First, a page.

Bladerunner is a science fiction film that is focused on the human struggle for identity. While Bladerunner is science fiction, the movie is also a means of communicating complex ideas, such as "What defines the human?" A science fiction movie that attempts to convey such messages to the audience needs to fulfill certain criteria to be effective.
One of the most important components of a science fiction film is that it is grounded in technology and techonology's effect on the future. Technology is essential for a science fiction movie because it is an integral part of the "science" in science fiction. Bladerunner fulfills this criterion because technology is a fundamental aspect of the plot. The main characters in Bladerunner are Replicants, products of advanced technology. The problems that arise from this technology are the focus of the film's action. Technology has made the Replicants so similar to humans that the even Bladerunners like Deckard, who are hired to kill Replicants, have a hard time distinguishing them from humans. It takes a complex analysis of verbal responses and bio-feedback using the Voight-Kampff machine, also created by technology, to make the distinction between the artificial life and the human.
Technology has not only created the problem of the Replicants, but it is also used to eliminate them. For example, Deckard uses a voice controlled machine to zoom in and focus on the indistinct background of a picture he found in a Replicant's apartment. He contacts Racheal using a telephone that has a screen to allow the users to see each other. Creating the illusion of Bladerunner's advanced technology is aided through the use of special effects which are the second criteria for a good science fiction movie.
A good science fiction film should make use of special effects without overdoing them so that they become the focus of the film. Special effects are necessary to give the illusion of the future because people expect that life in the distant future will be different from life today. The effects are the means of portraying the advanced technology that is needed to make the film futuristic. The special effects in Bladerunner are not used prominently, but too many effects would have detracted from the story line and taken the impact out of the movie's messages. The most dramatic use of special effects in the film are the spinners, such as the one Deckard rides in to the police station. The low, flat design and black body give the vehicles a look of authority and speed as they fly through the air.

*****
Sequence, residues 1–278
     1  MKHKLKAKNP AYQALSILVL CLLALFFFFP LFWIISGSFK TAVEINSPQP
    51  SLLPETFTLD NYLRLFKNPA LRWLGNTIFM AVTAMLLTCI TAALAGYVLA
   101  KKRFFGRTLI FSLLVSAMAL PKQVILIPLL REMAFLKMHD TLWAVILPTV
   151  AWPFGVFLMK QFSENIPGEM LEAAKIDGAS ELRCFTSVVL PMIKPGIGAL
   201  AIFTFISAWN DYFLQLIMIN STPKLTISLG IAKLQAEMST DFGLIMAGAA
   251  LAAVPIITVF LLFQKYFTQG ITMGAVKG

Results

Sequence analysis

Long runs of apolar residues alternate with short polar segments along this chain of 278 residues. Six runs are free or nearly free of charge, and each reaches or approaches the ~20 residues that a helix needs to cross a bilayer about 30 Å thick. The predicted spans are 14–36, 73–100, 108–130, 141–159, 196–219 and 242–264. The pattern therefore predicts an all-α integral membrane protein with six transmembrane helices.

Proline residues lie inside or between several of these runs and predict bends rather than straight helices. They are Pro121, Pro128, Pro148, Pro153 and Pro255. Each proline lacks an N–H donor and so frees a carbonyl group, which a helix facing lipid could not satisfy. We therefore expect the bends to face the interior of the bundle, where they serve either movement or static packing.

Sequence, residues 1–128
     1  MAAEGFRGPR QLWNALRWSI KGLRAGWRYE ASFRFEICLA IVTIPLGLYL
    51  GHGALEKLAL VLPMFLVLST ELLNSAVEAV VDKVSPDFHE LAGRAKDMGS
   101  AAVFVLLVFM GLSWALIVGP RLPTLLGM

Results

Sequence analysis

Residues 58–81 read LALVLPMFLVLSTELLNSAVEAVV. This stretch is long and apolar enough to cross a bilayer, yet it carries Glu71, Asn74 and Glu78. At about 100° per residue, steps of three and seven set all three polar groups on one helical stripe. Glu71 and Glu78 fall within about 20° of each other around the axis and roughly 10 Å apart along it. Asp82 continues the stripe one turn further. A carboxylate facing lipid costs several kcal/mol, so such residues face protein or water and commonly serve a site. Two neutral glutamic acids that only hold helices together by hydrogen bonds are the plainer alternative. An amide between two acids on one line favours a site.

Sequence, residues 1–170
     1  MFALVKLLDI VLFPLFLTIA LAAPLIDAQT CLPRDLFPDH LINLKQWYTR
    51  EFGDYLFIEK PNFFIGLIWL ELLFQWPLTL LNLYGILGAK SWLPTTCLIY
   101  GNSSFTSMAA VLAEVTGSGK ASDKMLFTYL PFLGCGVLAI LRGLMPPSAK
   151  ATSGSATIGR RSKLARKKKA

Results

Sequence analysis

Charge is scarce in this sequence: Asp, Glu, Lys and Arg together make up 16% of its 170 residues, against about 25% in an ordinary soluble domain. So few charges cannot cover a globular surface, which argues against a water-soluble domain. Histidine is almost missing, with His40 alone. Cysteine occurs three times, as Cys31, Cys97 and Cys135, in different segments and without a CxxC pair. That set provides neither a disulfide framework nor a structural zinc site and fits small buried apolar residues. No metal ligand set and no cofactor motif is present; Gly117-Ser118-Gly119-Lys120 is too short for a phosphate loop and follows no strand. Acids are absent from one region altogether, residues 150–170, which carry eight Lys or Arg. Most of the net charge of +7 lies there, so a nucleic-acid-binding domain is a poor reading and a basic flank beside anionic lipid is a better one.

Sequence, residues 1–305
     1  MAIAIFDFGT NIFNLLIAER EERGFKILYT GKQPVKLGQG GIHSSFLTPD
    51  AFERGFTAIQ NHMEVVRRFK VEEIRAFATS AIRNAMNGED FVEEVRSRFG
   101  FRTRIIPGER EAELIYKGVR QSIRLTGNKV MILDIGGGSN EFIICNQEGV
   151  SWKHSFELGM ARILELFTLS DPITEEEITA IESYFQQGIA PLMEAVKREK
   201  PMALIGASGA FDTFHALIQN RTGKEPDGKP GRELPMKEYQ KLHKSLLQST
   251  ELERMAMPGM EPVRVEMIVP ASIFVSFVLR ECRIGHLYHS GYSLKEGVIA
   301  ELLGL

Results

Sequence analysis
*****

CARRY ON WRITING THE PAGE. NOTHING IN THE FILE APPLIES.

Other less spectacular uses of special effects include the makeup, such as that used on Sebastian's Keiser Wilhelm. Special effects also includes the elaborate set that creates the backdrop of the city, smaller effects such as Priss sticking her arm in boiling water, and the array of machines that are presented throughout the movie. All of these elements help make the movie believable, which is the third criteria for a good science fiction movie.
Perhaps the most important component for a science fiction film is that the plot is within the realm of reason. The audience must be convinced that the future that is portrayed in the movie is a possible outcome of today's society. Because the technology in Bladerunner is grounded in scientific research that is currently underway, the prospect of human clones is altogether believable and terrifying enough to make the film engaging for the audience. Movies such as The Blobor Attack of the Killer Tomatoes have antagonists that are so unrealistic that the movie becomes a comedy or horror film, even if it has great special effects and a plot based on science/technology.
In addition to these characteristics, the film should use symbolism through multimedia if its intent is to transmit messages to the audience. Symbolism is necessary to project the messages without distracting the audience from the action in the movie. Overt messages may result in the destruction of the illusion of reality that has been created by the movie. An example of a message presented through Bladerunner's use of multimedia is anti-Japanese sentiment. The fear of Japan's increasing global power is displayed through the use of dialogue, color, and imagery in the film. A huge video screen looms over the city and displays a Japanese advertisement. The language used on the streets is mainly a mix of English and Asian languages. There are also several prominent shots of the Atari sign on a large building, suggesting that it is an important business in the city. In this still, bright neon signs displaying a symbol language dominate the city, giving it the look of a futuristic Tokyo. The "Japanesed" future portrayed in Bladerunner gives an intentional message. The movie was made in the early 1980's, a time when the United States main competitior was (and still is) Japan. Bladerunner uses symbolism through multimedia to show the audience the effect that a strong Japan will have on the future of the United States.
Bladerunner is a good science fiction movie because it fulfills all four of the stated criteria, but it is a good movie because it uses these criteria to create a movie that can be experienced on many levels. The conflict that has been created by technology brings up many topics that the viewer can internalize and take home with them long after the film is over. For example, the relationship between the Replicants and Tyrell, their creator, has been likened to man's relationship with God. The use of Replicant animals suggests that wildlife will be extinct in the future, a reference to modern society's abuse of the environment. The use of a hired mercenary as the hero brings up questions concerning good and evil. These subjects are presented in a skillfull manner that allows the viewer to take what they want from the film. Whether that is complex analogies or just plain adventure depends on the viewer's needs.
Written by Maria Caldwell
Copyright Maria Caldwell, 1998.